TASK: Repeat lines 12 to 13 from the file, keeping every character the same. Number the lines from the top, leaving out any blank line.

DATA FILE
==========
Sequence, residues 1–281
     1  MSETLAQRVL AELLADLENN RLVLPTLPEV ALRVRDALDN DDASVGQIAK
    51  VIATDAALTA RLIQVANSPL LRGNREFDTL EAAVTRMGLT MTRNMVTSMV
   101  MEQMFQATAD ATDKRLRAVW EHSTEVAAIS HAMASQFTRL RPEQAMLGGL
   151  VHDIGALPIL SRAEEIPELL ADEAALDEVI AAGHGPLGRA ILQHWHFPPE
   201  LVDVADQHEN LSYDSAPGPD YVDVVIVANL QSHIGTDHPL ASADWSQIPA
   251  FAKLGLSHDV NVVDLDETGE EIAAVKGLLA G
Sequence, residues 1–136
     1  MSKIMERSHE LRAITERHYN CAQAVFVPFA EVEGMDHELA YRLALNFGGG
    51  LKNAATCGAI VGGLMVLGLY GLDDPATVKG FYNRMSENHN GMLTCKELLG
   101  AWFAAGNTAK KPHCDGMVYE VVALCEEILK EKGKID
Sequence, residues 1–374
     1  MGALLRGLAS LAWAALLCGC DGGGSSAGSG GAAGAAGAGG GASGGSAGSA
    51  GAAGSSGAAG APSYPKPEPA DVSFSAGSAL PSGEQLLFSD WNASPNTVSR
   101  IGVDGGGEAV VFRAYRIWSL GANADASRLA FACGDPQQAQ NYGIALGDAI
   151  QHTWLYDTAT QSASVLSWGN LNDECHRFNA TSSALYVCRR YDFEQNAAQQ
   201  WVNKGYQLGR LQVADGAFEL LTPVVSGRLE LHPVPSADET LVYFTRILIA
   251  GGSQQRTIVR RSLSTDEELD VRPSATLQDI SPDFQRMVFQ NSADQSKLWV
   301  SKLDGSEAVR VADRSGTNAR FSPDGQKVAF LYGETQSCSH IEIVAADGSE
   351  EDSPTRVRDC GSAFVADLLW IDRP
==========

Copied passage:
Sequence, residues 1–374
     1  MGALLRGLAS LAWAALLCGC DGGGSSAGSG GAAGAAGAGG GASGGSAGSA